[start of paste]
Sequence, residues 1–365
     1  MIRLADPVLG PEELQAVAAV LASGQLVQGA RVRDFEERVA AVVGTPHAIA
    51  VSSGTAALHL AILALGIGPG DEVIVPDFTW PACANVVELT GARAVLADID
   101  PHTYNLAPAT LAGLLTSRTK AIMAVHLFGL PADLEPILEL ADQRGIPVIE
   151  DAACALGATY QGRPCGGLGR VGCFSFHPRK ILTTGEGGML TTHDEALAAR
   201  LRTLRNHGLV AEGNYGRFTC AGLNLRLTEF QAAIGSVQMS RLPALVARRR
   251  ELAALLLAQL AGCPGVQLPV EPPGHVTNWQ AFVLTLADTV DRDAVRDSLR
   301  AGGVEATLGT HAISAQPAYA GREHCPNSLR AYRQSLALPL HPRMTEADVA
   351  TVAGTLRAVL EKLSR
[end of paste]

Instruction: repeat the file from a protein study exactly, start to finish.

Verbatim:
Sequence, residues 1–365
     1  MIRLADPVLG PEELQAVAAV LASGQLVQGA RVRDFEERVA AVVGTPHAIA
    51  VSSGTAALHL AILALGIGPG DEVIVPDFTW PACANVVELT GARAVLADID
   101  PHTYNLAPAT LAGLLTSRTK AIMAVHLFGL PADLEPILEL ADQRGIPVIE
   151  DAACALGATY QGRPCGGLGR VGCFSFHPRK ILTTGEGGML TTHDEALAAR
   201  LRTLRNHGLV AEGNYGRFTC AGLNLRLTEF QAAIGSVQMS RLPALVARRR
   251  ELAALLLAQL AGCPGVQLPV EPPGHVTNWQ AFVLTLADTV DRDAVRDSLR
   301  AGGVEATLGT HAISAQPAYA GREHCPNSLR AYRQSLALPL HPRMTEADVA
   351  TVAGTLRAVL EKLSR